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Good carbs against bad carbohydrates



Created by the Healthline experts for Greatist. Read more

Food trends are very similar to school friendships. One day you're in, the next you're outside. Unfortunately that was the experience of our friend, the lonely carburetor. Nobody seems to want to have lunch with them anymore.

With the popularity of Atkins, Paleo, gluten free and now Keto, we have seen an almost complete rejection of carbohydrates when it comes to health and fitness.

The reality, however, is that carbs are not the devils to which wellness blogs have made them. They are the top fuel and a first-class snack for the body and brain.

You just have to know which one to keep. There are three main types of carbohydrates: starch, fiber and sugar.

While some sugars are naturally occurring and are associated with beneficial fiber ̵

1; oh hi, fruits and vegetables – we are not really worried about it for the general population.

We can all probably benefit from being moderate in terms of our intake of refined carbohydrates.

Refined or "simple" carbohydrates

These are carbohydrates that either:

  • naturally contain little fiber and nutrients
  • were processed in a way that dissolves fiber, vitamins and minerals

. Without This beneficial fiber increases blood sugar and insulin faster and makes us hungry again soon after eating. Refined carbohydrates can be further classified as sugars and refined grains.

Sugar

Contained in pastries, cakes and pies, sweets, soda and biscuits – Sugars are often refined in trade or added to foods to make them sweeter and extend their shelf life or improve consistency.

Studies have linked excessive sugar intake, especially with sugary drinks, to an increased risk of heart disease, diabetes and cancer.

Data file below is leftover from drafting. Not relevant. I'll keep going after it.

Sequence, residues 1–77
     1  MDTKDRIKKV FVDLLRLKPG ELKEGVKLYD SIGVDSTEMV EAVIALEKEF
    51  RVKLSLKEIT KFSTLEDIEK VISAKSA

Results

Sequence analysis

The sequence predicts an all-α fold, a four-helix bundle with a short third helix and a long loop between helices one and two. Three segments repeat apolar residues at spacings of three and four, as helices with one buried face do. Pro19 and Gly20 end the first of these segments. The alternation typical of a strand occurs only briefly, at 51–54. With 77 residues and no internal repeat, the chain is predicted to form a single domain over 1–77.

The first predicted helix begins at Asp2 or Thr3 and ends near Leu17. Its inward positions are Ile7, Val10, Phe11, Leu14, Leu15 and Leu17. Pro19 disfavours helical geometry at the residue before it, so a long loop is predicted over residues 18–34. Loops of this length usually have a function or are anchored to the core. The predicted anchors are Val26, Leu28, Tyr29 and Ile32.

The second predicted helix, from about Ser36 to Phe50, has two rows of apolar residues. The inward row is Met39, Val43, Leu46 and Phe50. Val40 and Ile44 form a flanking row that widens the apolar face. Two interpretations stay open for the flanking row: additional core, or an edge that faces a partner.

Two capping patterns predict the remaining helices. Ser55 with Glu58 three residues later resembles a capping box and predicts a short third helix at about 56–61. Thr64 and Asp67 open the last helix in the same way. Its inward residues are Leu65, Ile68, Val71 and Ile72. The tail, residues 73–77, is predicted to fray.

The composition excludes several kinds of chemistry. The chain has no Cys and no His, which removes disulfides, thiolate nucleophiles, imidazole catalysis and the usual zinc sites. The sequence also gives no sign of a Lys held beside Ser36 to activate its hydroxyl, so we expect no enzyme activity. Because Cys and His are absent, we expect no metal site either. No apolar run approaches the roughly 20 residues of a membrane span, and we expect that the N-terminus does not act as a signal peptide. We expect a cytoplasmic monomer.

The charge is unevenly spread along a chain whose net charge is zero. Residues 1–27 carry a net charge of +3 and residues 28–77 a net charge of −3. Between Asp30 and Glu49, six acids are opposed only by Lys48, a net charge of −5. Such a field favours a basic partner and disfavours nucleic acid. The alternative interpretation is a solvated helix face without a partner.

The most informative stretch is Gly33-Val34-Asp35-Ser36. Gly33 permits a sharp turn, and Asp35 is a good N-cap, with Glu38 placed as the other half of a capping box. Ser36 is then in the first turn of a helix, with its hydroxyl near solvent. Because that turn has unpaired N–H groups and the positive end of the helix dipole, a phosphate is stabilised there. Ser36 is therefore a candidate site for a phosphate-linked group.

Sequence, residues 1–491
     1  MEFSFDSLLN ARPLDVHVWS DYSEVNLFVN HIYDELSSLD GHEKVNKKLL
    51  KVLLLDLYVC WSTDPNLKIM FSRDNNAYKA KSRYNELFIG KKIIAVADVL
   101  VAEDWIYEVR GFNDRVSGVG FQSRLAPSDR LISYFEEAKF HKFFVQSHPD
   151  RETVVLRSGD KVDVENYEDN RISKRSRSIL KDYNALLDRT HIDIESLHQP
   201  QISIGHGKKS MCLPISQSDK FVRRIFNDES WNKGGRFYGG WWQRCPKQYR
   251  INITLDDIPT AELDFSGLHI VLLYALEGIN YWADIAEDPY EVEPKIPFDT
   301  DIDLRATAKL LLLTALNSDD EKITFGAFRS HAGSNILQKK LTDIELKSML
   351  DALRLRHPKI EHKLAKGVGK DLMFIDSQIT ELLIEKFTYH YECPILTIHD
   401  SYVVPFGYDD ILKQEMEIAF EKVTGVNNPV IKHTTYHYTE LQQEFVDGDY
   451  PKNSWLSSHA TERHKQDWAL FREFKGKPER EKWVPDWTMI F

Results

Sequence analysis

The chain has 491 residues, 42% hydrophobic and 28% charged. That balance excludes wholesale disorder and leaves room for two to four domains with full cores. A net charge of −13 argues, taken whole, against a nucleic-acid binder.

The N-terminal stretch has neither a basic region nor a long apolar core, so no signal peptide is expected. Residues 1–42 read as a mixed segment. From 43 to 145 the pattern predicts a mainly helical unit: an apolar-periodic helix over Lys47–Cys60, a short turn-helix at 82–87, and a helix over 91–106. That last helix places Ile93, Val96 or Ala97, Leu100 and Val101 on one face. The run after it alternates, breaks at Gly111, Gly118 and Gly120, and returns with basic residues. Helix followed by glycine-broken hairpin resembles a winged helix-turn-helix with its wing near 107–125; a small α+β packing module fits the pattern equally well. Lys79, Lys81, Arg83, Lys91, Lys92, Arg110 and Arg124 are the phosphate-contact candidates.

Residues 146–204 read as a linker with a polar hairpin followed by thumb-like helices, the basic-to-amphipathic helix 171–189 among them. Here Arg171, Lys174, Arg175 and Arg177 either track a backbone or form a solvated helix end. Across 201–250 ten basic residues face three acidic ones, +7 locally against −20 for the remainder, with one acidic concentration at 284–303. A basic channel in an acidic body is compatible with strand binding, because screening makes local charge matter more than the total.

The American Heart Association (AHA) recommends men to consume them. Do not take more than 9 teaspoons of added sugar per day and women only 6 teaspoons.

The official US guidelines suggest that sugar should be limited to only 10 percent of daily calories. For a 2000 calorie diet that would be about 50 grams per day.

To put these figures in perspective, one pack of Reese peanut butter cups (also known as two small cups) contains 22 grams of sugar.

That's nearly half of a woman's total sugar content for the day * Add Kim a weeping face * and two-thirds of a man's sugar content.

Refined Grains

Grains in their entire unadulterated form are strong sources of food and fiber.

Unfortunately, most of the grains in the average American diet were ground and processed so that the beneficial bran and germs are removed.

These processed grains end in white bread, gin, corn meal, white rice, white noodles and sweetened cereal.

Processing can extend the shelf life of grains (not to mention a soft, pillowy mouthfeel), it also removes fiber, healthy fat, iron and B vitamins.

Research has shown that adherence to whole-grain products with the above compounds still intact can help reduce the risk of heart disease, cancer and diabetes.

It could even help extend your life span (hellooo centenarian club).

It will be a bit scientific – but stay with us.

When we consume refined carbohydrates that are free of digestive fiber or fat, disaccharides (sugars such as sucrose, lactose or maltose) are rapidly broken down into easily absorbable monosaccharides (also known as blood sugar-tip glucose).

As this sugar quickly enters the blood, the pancreas produces insulin, which opens our cells. Like a metaphorical garage door opener to release the sugar for energy or storage.

Without protein, fiber or fat, our cells are supplied with sugar very quickly, resulting in an energy boost followed by the dreaded crash.

While you are fighting against fluctuations in energy levels, you might also be very hungry shortly after eating.

This is one of the main reasons why eating refined carbohydrates is associated with increased appetite, weight gain and waist circumference.

A 2019 study found that participants who received an ultra-processed, high-carbohydrate diet consumed an additional 500 calories more than participants who received whole-grain products.

A meta-analysis of studies and articles over a full 40-year period found that people who ate more fiber and whole grains had a lower body weight, cholesterol, and a 15 to 30 percent lower mortality rating.

So you know that this box of half-stale donuts in the staff room and the oversized Frappuccino contain refined carbohydrates, but you may be surprised that refined carbohydrates lurk in unsuspecting "healthy foods."

When reading nutritional labels, it's important to look beyond the carbohydrates or even the "sugar" on the label.